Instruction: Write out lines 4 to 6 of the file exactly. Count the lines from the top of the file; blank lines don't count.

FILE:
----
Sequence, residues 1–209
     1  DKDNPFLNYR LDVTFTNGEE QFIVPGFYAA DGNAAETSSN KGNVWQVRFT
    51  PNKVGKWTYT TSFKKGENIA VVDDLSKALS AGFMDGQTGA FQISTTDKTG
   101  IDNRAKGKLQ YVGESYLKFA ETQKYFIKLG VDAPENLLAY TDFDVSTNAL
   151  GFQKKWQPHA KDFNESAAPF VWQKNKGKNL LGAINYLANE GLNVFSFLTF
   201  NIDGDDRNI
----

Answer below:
   101  IDNRAKGKLQ YVGESYLKFA ETQKYFIKLG VDAPENLLAY TDFDVSTNAL
   151  GFQKKWQPHA KDFNESAAPF VWQKNKGKNL LGAINYLANE GLNVFSFLTF
   201  NIDGDDRNI